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Our view: Voters right to reject pot measure

North Dakota's conservatism not only showed at the top of the ticket during Tuesday's mid-term election, but it also was very apparent in the great margin by which a marijuana-related vote lost.

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North Dakota's conservatism not only showed at the top of the ticket during Tuesday's mid-term election, but it also was very apparent in the great margin by which a marijuana-related vote lost.

Measure 3 would have legalized recreational marijuana in North Dakota for people 21 and older, and also would have expunged past marijuana-related convictions. The measure was trounced, 59 percent to 41 percent. All told, there were 192,965 votes against the measure and 131,585 in favor of it. It passed in only four of the state's 53 counties and in two of those four, it was by the thinnest majority.

In Sioux County, 71 percent of voters said "yes" to legalized marijuana, while 58 percent of voters in Rolette County voted in favor. Benson County voters passed it, 51 percent to 49 percent. It was the same margin in Cass County - the state's largest - where 39,170 voters said "yes" and 37,985 said "no."

Here in Grand Forks County, the measure failed 53 percent to 47 percent - 14,812 votes against it and 12,976 votes in favor of it.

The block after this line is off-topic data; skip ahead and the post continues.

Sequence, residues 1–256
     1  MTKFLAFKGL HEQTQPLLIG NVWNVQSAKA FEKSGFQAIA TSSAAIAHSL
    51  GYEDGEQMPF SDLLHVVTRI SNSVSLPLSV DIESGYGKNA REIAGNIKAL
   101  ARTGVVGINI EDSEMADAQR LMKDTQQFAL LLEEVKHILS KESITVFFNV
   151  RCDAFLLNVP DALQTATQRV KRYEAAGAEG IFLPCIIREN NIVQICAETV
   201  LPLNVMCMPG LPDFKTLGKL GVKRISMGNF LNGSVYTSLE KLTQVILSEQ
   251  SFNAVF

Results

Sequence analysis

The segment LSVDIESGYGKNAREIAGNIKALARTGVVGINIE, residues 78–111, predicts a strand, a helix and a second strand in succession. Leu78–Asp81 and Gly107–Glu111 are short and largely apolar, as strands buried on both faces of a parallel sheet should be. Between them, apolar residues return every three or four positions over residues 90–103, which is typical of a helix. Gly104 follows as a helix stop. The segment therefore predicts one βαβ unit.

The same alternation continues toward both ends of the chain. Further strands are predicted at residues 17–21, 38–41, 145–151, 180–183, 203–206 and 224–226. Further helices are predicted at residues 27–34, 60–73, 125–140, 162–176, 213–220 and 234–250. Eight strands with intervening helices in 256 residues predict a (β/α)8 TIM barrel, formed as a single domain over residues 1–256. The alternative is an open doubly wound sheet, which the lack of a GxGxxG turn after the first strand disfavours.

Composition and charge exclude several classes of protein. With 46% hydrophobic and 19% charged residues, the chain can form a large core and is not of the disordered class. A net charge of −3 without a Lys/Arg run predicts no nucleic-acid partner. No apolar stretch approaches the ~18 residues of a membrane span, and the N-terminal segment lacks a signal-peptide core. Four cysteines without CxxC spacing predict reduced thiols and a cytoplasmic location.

We were against it, both at the highest levels of our company (Forum Communications Co. endorsed a "no" vote) and at the Herald. We are slow to come around to the idea of recreational marijuana for various reasons, including that we believe it's a gateway product to other drugs, as well as a problem for law enforcement and the workplace.

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As far as we know, marijuana does not have defined standards for impairment - that's trouble for police officers as well as employers who must test for drugs in relation to workplace safety.

Worse, the measure presented to North Dakotans was unorganized. Therefore, we agree with former Attorney General Bob Wefald, who warned that the loosely worded measure could have created an environment of unrestricted use and laws regarding recreational marijuana. Prior to the election, he said that if passed, it would have been the "wild, wild west in North Dakota."

There were no limits on possession and no regulatory structure. Supporters said the idea was to get the measure passed and then let lawmakers work out the details. Again, that's too loose for our taste. In addition, recreational marijuana is against federal law.

So, it's good that it failed.

Meanwhile, are we crazy enough to believe recreational use of marijuana eventually won't be legalized in North Dakota? No, because trends show public sentiment about marijuana is changing. Earlier this year, organizers gathered 18,000 signatures - almost 5,000 more than necessary - to get the measure on the ballot. Polling earlier this year showed that 46 percent of North Dakotans supported Measure 3 - although in reality, that evidently wasn't the case.

Numerous other states allow it, although most are on the coasts. However, recreational pot is legal in Canada and Michigan voters approved it last week, showing it is creeping toward the center of the continent.

North Dakota voters were right to reject this measure, but it doesn't take a crystal ball to predict that it will come up again in the not-so-distant future.

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